In his early days, he drew comparisons with Virender Sehwag for his flamboyance, but he revealed that it was not always appreciated.
“It was a four-day match and Rahul Dravid was seeing me for the first time. It was first day’s last over. I was batting on 30 or something, so everyone thought (that since) it is the last over I’ll play out the over, I’ll play it carefully and finish it. “Rahul Dravid sir was sitting inside. The bowler bowled a flighted delivery, so I stepped out and hit it in the air. It went high up in the air and it was a six. Everyone in the dressing room came out running, they were looking up, and thinking who plays the last over like this,” Iyer was quoted as saying by Cricbuzz.
“That day he (Rahul Dravid) judged me for how I am. He came to me and he was like ‘Boss! What is this? (It is the) day’s last over and you’re doing this’? But later on, I started realising about what he was trying to say.”
Of late, Iyer has done well to cement his spot as India’s number four in the limited-overs formats.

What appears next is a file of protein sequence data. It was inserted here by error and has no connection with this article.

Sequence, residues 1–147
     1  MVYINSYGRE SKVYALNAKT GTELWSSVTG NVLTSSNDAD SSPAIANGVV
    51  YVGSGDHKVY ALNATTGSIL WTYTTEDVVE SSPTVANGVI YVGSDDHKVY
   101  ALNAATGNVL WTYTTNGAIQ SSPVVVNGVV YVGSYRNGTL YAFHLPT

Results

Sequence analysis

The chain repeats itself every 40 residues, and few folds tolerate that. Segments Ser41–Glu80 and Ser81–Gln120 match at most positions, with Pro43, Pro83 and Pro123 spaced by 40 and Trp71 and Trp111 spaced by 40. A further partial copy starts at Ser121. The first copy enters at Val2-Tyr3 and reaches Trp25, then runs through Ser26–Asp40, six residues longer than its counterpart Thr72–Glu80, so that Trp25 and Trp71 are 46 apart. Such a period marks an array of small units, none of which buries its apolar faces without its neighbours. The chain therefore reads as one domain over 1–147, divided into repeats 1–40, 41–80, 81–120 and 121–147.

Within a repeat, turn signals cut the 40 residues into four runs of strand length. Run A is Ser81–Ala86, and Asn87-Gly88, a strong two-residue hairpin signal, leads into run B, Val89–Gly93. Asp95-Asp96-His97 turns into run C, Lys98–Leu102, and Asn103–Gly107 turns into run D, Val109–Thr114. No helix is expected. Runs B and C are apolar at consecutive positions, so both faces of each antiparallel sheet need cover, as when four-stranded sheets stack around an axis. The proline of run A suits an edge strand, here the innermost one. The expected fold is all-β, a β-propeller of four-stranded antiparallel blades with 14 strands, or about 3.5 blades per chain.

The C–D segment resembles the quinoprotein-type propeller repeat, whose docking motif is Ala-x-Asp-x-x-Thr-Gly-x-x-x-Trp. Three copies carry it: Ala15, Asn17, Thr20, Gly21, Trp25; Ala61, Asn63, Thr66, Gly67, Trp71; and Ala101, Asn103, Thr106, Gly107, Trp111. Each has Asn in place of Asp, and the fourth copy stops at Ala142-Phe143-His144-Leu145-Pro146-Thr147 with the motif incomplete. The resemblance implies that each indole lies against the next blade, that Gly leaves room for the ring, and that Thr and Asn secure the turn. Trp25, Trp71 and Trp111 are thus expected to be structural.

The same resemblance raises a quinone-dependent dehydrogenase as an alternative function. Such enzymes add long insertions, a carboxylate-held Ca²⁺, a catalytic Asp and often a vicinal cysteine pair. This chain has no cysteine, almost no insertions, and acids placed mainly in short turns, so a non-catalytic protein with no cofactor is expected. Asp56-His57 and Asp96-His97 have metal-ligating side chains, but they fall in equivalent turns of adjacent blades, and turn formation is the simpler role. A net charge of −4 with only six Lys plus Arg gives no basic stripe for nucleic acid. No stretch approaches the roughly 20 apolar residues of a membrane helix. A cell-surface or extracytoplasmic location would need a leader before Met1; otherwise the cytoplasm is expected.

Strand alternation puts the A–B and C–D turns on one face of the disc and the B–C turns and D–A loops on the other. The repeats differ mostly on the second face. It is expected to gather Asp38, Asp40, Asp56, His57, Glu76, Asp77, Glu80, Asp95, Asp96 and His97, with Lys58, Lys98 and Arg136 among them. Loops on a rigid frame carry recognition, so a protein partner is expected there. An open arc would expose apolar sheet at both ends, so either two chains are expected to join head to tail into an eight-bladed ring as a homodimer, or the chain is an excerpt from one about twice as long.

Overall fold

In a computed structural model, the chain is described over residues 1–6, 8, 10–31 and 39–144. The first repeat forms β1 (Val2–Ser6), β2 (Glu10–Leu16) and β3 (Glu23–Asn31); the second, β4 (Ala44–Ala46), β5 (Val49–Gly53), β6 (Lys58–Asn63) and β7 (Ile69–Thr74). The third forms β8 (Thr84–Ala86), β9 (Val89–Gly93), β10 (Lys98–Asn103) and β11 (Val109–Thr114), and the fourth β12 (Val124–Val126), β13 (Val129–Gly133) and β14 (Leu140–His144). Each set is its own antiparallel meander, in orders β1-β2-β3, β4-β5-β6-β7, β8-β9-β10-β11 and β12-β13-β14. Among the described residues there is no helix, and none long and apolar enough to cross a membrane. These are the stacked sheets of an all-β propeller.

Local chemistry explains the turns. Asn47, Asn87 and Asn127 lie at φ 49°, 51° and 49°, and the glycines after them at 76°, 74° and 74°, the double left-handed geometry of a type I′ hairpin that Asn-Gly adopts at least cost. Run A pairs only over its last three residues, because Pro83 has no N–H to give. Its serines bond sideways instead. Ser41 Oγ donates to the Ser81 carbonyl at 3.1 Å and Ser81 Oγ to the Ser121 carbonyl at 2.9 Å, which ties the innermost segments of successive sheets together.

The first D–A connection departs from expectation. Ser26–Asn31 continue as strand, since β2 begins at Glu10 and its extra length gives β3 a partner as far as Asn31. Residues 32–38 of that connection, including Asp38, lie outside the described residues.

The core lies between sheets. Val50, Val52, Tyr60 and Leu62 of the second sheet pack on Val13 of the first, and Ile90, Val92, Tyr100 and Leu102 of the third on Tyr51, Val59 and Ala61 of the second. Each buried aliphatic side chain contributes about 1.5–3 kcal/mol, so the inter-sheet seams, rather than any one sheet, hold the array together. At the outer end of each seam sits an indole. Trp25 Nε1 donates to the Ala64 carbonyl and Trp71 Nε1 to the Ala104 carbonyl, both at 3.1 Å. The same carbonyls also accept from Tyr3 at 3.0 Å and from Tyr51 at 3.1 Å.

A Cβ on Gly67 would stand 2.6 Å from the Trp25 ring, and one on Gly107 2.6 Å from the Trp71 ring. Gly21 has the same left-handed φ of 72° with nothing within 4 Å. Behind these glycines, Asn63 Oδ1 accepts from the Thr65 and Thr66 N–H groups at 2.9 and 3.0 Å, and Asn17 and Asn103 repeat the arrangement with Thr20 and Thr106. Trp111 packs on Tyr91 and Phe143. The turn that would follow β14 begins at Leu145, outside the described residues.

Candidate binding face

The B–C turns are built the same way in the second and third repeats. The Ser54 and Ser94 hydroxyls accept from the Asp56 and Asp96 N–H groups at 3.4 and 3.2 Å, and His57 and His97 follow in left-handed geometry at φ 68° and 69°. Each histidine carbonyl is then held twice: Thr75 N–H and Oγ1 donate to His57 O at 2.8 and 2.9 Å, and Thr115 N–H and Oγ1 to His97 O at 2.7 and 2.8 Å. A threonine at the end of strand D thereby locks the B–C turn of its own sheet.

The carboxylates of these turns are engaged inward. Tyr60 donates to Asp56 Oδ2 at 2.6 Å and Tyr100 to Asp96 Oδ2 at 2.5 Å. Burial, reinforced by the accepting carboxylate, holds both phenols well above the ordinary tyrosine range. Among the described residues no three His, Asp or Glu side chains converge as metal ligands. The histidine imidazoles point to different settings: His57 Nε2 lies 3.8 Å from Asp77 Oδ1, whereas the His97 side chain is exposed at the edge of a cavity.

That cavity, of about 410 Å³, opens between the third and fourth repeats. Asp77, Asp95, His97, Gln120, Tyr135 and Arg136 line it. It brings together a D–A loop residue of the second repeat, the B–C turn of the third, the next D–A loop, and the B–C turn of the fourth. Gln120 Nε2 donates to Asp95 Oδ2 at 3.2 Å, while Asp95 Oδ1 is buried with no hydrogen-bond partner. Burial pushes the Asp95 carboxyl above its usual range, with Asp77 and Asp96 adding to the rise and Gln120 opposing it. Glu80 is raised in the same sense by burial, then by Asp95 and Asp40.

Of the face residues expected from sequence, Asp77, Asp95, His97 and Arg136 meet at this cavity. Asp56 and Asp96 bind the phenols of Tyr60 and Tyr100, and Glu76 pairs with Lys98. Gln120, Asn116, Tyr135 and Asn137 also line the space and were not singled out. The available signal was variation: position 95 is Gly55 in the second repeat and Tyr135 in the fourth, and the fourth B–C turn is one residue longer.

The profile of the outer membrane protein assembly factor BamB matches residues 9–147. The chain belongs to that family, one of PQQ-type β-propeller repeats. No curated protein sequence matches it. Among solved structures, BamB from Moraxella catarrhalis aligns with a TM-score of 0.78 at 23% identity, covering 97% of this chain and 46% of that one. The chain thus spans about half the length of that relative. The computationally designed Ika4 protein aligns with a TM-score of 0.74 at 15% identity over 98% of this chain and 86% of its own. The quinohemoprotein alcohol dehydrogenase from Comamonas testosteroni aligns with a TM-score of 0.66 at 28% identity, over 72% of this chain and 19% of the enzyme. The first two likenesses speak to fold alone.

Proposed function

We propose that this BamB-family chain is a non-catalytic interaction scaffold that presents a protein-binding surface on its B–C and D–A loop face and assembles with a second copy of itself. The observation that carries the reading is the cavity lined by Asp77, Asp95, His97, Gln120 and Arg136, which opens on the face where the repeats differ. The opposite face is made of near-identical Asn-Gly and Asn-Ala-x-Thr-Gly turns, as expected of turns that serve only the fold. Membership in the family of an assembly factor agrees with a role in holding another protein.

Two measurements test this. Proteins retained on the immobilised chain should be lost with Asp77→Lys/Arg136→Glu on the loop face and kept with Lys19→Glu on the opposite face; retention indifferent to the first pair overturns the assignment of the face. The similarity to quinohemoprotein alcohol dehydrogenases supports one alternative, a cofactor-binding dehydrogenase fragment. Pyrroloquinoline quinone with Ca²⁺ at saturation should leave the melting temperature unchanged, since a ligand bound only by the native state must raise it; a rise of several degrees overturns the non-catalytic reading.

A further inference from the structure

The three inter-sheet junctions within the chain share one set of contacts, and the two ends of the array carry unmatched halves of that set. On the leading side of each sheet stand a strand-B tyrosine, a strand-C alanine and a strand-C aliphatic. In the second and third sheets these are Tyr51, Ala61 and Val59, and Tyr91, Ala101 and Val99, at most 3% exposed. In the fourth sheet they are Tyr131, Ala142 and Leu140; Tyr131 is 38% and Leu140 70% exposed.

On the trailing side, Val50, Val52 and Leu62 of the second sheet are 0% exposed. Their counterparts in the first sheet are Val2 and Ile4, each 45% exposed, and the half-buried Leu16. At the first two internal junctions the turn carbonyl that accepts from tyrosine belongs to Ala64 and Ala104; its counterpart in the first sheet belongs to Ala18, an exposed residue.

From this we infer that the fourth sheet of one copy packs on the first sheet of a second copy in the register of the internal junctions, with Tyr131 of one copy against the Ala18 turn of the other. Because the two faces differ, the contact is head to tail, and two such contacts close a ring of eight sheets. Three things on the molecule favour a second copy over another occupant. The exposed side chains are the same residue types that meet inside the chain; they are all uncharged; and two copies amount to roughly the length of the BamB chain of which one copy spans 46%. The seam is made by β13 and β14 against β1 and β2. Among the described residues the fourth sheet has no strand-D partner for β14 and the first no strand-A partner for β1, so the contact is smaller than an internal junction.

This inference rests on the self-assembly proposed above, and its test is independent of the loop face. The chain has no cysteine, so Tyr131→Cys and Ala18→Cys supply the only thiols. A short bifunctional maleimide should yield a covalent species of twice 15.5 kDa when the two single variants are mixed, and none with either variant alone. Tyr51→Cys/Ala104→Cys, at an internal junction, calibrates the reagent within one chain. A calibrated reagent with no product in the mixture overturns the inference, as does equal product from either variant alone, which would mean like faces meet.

He was criticised for recklessness before he matured as a batsman.
Speaking about the change in approach in recent years, Iyer said, “Some of it is natural and some of it is mental as well. Both go 50/50. You have to be mentally very strong, when you play at the highest level.”
“You have to believe in yourself, and you have to be positive at that stage. Yes, I think at that time, I was really confident about the way that I used to approach my innings, and my body language used to say it.
“But people used to think I was very lazy and lethargic, but I never thought about what they would think about me, I just backed myself, and I just used to do the things the way I liked to.”